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Here in the Northern hemisphere, gardeners are gathering seeds from their prize-winning vegetables are storing them away for next year’s crop. Today at the 20th London Stata Users’ Group meeting, I learnt a similar trick. It’s strange I never thought of it before; regular readers will know how keen I am on simulation studies and techniques. Sometimes you want to go back and investigate one particular simulated dataset, either because the results were particularly interesting or because your program didn’t behave the way you hoped, and you think there will be a clue on how to debug it in that one weird dataset.

Bill Gould’s sage advice was to gather the seed for the random number generator (RNG) at the beginning of each iteration and store it as a string. The seed initialises the RNG (which is never really random*, just unpredictable) and if you set it, you can reproduce the results. A basic example in Stata:

clear all

local iter=10
set obs 100
gen str64 myseed=""
gen slopes=.
gen x=rnormal(0,1)
gen mu=1+(2*x)
gen y=rnormal(mu,1)

forvalues i=1/iter' {
local myseed=c(seed)
qui replace myseed="myseed'" in i'
qui replace x=rnormal(0,1)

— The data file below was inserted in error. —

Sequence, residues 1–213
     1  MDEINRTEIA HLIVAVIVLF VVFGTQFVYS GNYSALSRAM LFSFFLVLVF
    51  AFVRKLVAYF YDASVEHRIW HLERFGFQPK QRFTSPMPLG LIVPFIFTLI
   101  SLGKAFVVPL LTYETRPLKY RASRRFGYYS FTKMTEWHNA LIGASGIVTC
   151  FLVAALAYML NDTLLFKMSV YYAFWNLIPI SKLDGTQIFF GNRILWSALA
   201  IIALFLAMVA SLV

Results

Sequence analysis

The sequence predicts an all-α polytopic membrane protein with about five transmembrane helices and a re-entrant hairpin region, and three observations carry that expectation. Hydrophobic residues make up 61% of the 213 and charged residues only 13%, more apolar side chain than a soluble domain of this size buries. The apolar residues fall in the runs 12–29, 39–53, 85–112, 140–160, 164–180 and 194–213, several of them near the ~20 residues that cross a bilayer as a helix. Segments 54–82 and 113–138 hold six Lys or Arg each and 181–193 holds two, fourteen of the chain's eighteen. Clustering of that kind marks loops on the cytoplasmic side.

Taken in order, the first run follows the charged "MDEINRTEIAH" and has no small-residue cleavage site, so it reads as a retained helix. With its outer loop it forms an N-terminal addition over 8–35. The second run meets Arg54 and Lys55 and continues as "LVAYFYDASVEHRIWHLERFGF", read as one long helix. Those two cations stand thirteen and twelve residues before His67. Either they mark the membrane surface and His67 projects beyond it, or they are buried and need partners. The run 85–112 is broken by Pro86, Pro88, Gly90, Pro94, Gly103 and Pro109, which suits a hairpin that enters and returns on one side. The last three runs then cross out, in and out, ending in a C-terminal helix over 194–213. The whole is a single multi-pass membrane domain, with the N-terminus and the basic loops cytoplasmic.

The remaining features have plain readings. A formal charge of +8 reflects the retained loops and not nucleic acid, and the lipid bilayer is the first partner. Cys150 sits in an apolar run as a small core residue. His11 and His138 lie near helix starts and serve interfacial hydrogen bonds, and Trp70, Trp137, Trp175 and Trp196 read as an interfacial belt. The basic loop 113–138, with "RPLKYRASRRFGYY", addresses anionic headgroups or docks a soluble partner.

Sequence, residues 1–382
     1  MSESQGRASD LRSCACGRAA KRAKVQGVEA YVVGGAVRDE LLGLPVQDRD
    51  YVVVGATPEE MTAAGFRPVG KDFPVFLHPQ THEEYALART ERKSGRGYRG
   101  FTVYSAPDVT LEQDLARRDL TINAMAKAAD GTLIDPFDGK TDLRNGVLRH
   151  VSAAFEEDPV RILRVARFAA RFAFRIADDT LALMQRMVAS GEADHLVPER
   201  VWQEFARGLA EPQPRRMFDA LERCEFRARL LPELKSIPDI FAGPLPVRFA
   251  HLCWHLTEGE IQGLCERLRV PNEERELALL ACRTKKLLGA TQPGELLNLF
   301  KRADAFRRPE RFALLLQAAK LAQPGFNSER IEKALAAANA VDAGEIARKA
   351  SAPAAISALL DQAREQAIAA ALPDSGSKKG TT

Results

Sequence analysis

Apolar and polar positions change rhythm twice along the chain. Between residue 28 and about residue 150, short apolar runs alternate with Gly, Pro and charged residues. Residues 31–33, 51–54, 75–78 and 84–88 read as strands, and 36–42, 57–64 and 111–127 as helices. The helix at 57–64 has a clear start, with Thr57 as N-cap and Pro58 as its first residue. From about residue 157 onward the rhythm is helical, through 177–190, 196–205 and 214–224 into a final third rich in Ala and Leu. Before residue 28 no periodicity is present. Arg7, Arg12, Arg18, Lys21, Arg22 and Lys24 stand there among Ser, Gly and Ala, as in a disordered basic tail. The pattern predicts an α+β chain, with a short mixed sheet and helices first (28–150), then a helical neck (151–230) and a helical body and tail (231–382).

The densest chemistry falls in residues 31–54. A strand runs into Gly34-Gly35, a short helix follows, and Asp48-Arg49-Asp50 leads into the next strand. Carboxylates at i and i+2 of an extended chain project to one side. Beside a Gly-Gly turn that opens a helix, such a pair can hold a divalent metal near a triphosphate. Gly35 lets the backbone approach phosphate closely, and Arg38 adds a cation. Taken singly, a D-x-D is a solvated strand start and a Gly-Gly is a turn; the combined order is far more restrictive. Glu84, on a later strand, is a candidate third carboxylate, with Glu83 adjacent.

qui replace mu=1+(2*x)
qui replace y=rnormal(mu,1)
qui regress y x
matrix A=e(b)
local beta=A[1,1]
qui replace slopes=beta' in i'
}

local revisit=myseed[2]
set seed revisit'
qui replace x=rnormal(0,1)
qui replace mu=1+(2*x)
qui replace y=rnormal(mu,1)
regress y x
dis "revisit'" 

In this example, we run a linear regression 10 times and save the slope parameters and the seeds. We can then pick out simulation number 2 and recreate it without retracing any other steps. Nice! Here it is in R (but R RNGs are much more complex and I have to say that the help documentation is far from helpful):

iter<-10
size<-100
slopes<-rep(NA,iter)
seeds<-list(NULL)
for(i in 1:iter) {
seeds[[i]]<-.Random.seed
x<-rnorm(size,0,1)
y<-rnorm(size,1+(2*x),1)
slopes[i]<-lm(y~x)\$coefficients[2]
}
.Random.seed<-seeds[[2]]
x<-rnorm(size,0,1)
y<-rnorm(size,1+(2*x),1)
lm(y~x)`

* – I’m glossing over the philosophical meaning of ‘random’ here